Long Island’s Clean Energy Future Has Begun – A Long Island Business News Article

Long Island Construction Law does not own this content. This content was created by the Long Island Business News and was published on October 11th, 2021. Thomas Falcone is the chief executive officer of the Long Island Power Authority.

Long Island’s transition away from fossil fuels is well underway. Per New York’s landmark Climate Leadership and Community Protection Act, LIPA is committed to a carbon-free electric grid by 2040 – a goal that we work to advance each day through investments in clean energy, transportation, and heating.

Long Island is already on track for thousands of megawatts (MW) of new clean energy infrastructure over the next seven years, including 2,300 MW of offshore wind, 800 MW of solar, and 400 MW of storage. That’s 3,400 MW of new resources on a grid with a 5,300 MW peak demand. With our recently kicked off Integrated Resource Plan, LIPA is studying the additional investments over the next 19 years that will be needed to meet this goal.

Let’s take a look at what has already been done and what we have in the figurative pipeline:

Solar Development: Long Island leads the state in solar power, and we are not slowing down. LIPA accounts for 40 percent of New York’s distributed solar projects, even though we are only 12.5 percent of the state’s electric load. Just last month, the LIPA Board of Trustees approved a 36 MW solar project called Riverhead 2 in Calverton. Once complete, this project will be the largest solar farm on Long Island.

Embrace EVs: With New York phasing out the sale of most internal combustion engine (ICE) cars by 2035, the time is now to accelerate the transition to electric vehicles. EVs are quiet, fun to drive, and efficient. An EV in New York has the same carbon footprint as a car that gets 125 miles per gallon, even accounting for the electric grid emissions. With almost no maintenance and low fuel costs, the lifetime ownership costs of EVs are on parity with ICE vehicles. As automakers release exciting new models, customers are going to buy EVs simply because they’re a better car. LIPA offers residential customers an approximately 25 percent discount on electricity used to charge their vehicles overnight. Still, there is a need for more chargers throughout our area, and LIPA has an $88 million plan to build out chargers by 2025.

Promote Heat Pumps: A typical residential customer with oil heat could reduce their carbon footprint by 40 percent and save about $1,000 a year on heating by using electric heat via a cold climate heat pump. Even better, as the electric grid transitions to cleaner fuels, the carbon savings will approach 100 percent. LIPA offers attractive rebates for homeowners converting, allowing the additional cost of the heat pump to pay for itself in a little over a year. This is an excellent opportunity for customers to save two types of green – money and the environment.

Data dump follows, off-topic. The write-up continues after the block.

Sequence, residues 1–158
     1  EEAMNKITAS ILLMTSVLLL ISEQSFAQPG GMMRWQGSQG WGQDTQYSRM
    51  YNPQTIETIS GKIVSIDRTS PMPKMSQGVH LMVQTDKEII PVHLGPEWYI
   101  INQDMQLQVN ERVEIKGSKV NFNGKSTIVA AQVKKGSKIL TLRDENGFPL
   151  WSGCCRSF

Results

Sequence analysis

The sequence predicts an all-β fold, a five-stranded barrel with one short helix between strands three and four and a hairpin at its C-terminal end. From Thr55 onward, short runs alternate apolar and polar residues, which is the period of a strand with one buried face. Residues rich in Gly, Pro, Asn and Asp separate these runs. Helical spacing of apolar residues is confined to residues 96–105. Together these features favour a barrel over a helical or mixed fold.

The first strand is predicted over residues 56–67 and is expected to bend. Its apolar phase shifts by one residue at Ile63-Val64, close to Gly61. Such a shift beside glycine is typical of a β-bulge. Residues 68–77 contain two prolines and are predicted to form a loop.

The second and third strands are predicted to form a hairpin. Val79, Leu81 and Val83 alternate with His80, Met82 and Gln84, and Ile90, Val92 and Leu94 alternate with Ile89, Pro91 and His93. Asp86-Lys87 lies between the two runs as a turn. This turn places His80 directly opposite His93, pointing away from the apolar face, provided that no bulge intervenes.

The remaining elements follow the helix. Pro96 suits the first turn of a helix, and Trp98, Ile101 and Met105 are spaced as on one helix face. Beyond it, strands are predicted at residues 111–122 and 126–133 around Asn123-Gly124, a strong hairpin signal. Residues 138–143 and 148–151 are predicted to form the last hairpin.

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Harness Wind Power: In 2017, the LIPA Board approved the country’s first contract for an offshore wind farm in federal waters – the South Fork Wind Farm. With construction slated to begin early next year, this not only will be New York’s first offshore wind farm but will be the site of the first American-made offshore wind substation. Since 2017, two additional offshore wind projects have been awarded agreements with the state to connect to the Long Island electric grid – providing over 2,300 MW of offshore wind by 2026.

Increase Battery Storage: In 2016, LIPA moved forward with the largest battery storage project in the state – a pair of 5 MW storage projects that each provides capacity for up to eight hours. Batteries store excess energy from renewables like wind and solar so homes and businesses can continue to be powered when needed. LIPA is now procuring an additional 175 MW of battery storage to be installed by 2025 to help serve and balance electric loads on a grid with greater renewable energy.

Retire Fossil-Fueled Power Plants: The phasing out of fossil fuel-fueled power plants goes together with LIPA’s commitment to clean energy. Over the last decade, LIPA has shut down 420 MW of antiquated plants at six facilities, and we are planning retirements for an additional 400 to 800 MW of generation by 2027.

There is always more to do, especially with an issue as critical as this, but our region continues to be a leader in clean energy, not just in New York but nationwide.

Long Island Construction Law does not own this content. This content was created by the Long Island Business News and was published on October 11th, 2021. Thomas Falcone is the chief executive officer of the Long Island Power Authority.

John Caravella Esq., is a construction attorney and formerly practicing project architect at The Law Office of John Caravella, P.C., representing architects, engineers, contractors, subcontractors, and owners in all phases of contract preparation, litigation, and arbitration across New York and Florida. He also serves as an arbitrator to the American Arbitration Association Construction Industry Panel. Mr. Caravella can be reached by email: John@LIConstructionLaw.com or (631) 608-1346.

This is a general information article and should not be construed as legal advice or a legal opinion. The content above has been edited for conciseness and additional relevant points are omitted for space constraints. Readers are encouraged to seek counsel from a construction lawyer who has experience with Long Island construction law for advice on a particular circumstance.

Long Island Construction Law does not own this content. This content was created by the Long Island Business News and was published on October 11th, 2021. Thomas Falcone is the chief executive officer of the Long Island Power Authority.